#17. More than a quarter of babies birthed electively between 37 and 39 weeks had to be admitted to the NICU (neonatal intensive care unit) and cared for by neonatal nurses, compared with one in 20 babies born after 39 weeks. Infant mortality rates for pre-term babies birthed between 34 and 36 weeks of pregnancy are four times higher than rates for infants born at full term
#18. Research shows infants born before 38 weeks are more likely to be re-admitted to the hospital.
Reasons why a mother needs 40 weeks of pregnancy
#19. You’re about to be demoted, as someone new and exciting is abut to arrive. Put it off and enjoy being number one for a little bit longer
#20. Use the extra time to take a babymoon with your partner; maybe you could discuss baby names
#21. You’re bonding with your baby even when he’s in the womb. Keep him in there and let the bond strengthen knowing you are doing the best for your baby’s development
#22. You might not believe it now, but you will miss your bump when it’s gone, as well as the little kicks, hiccups, and knowing he’s in there
#23. Make the most of this extra time with your partner; you won’t have much time alone together for the first few months after the birth
#24. You probably still have a huge to-do list to get through before the baby arrives; give yourself time to work through it before your due date
#25. Waiting for labor to start naturally gives you a better chance of sticking to your birth plan
#26. Get some sleep; you won’t have much time to rest once the baby arrives
#27. Seriously, why are you still reading this? Get some sleep before it’s too late! Soon enough the first of your contractions will arrive and labor will begin.
Reasons to give baby 40 weeks – for the birth
Induction of labour and c-section
#28. Waiting for labor to begin naturally means you won’t be induced. Induction comes with increased risk for you and baby, including postpartum hemorrhage
#29. Being induced makes you more likely to have a c-section. Electively induced labor more than doubles the risk of c-section compared with spontaneous labor. The risk is more than tripled when cervical ripening medication is used. Note: not all inductions are the same; having your waters broken is not the same as having medication to start labor (for example: artificial oxytocin is continued throughout your labor until after the birth)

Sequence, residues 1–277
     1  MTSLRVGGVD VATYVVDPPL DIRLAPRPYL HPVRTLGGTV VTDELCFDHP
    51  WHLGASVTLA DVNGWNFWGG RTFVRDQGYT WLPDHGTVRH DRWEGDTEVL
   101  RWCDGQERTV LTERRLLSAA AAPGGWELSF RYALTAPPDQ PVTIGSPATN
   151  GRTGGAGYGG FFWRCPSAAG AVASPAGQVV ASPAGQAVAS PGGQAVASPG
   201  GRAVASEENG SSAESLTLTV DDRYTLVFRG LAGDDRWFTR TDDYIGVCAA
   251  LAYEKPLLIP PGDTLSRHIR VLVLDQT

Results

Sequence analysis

#30. A c-section is major surgery with a recovery time. A recent review of 90% of US birth records found that it’s also more risky than vaginal birth
#31. Allowing labor to start naturally decreases the likelihood of you having interventions and complications. Around 15% of inductions required an assisted birth such as a forceps or ventouse delivery
#32. Being induced can increase the length of your labor
#33. Syntocinon (Australia), or Pitocin (US), is the artificial oxytocin hormone used to induce labor. It produces strong, painful contractions but doesn’t produce any of the feel-good, bonding or pain-killing hormones of natural labor. Experts believe induced labor is more painful than labor that starts naturally. Artificial oxytocin doesn’t cross the blood-brain barrier and doesn’t act in the same way as natural oxytocin does
#34. Induction and cesarean sections both lead to an increased risk of infection. As many as one in 10 women who give birth by cesarean section suffer infection
#35. Babies born by cesarean are more likely to suffer from breathing problems than those born vaginally.
Important things to remember in the last few weeks
#36. Your due date could be out by up to two weeks. That’s because a due date is worked out based on averages (a 28-day cycle and ovulation on day 14) and full term is classed as up to 42 weeks of pregnancy. Give your baby extra time in the womb to finish maturing. What you think is 38 weeks could actually be 36.
Trust your body and your baby
#37. Trust your body and your baby to decide when he’s ready to join the world. He knows best
#38. Babies aren’t convenient. They throw up as soon as you’ve finished dressing them, they poop as you’re walking out the house and they want to breastfeed as soon as the window cleaner shows up
#39. Slow and steady wins the race
#40. This is one thing in life that’s worth waiting for. During pregnancy, you didn’t take any pain killers and you avoided alcohol. This is one more big thing that will give your baby a great start in life, and make him strong, healthy and ready.
Be sure to read our article Natural Labour Vs Induced Labour – 6 Main Differences.